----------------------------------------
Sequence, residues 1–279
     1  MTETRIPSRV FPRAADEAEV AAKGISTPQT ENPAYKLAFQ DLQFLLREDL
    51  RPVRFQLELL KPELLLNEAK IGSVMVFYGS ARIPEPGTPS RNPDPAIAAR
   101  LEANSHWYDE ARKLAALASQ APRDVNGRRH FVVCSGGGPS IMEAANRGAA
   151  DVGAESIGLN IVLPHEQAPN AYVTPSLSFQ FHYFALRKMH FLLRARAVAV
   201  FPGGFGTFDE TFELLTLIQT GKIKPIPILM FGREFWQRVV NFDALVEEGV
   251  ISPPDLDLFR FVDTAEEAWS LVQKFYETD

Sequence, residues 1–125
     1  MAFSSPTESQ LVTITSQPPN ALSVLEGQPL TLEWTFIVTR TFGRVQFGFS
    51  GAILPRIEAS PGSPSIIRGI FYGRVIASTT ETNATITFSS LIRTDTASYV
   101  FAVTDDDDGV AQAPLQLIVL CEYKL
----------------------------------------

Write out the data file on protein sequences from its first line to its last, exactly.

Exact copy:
Sequence, residues 1–279
     1  MTETRIPSRV FPRAADEAEV AAKGISTPQT ENPAYKLAFQ DLQFLLREDL
    51  RPVRFQLELL KPELLLNEAK IGSVMVFYGS ARIPEPGTPS RNPDPAIAAR
   101  LEANSHWYDE ARKLAALASQ APRDVNGRRH FVVCSGGGPS IMEAANRGAA
   151  DVGAESIGLN IVLPHEQAPN AYVTPSLSFQ FHYFALRKMH FLLRARAVAV
   201  FPGGFGTFDE TFELLTLIQT GKIKPIPILM FGREFWQRVV NFDALVEEGV
   251  ISPPDLDLFR FVDTAEEAWS LVQKFYETD

Sequence, residues 1–125
     1  MAFSSPTESQ LVTITSQPPN ALSVLEGQPL TLEWTFIVTR TFGRVQFGFS
    51  GAILPRIEAS PGSPSIIRGI FYGRVIASTT ETNATITFSS LIRTDTASYV
   101  FAVTDDDDGV AQAPLQLIVL CEYKL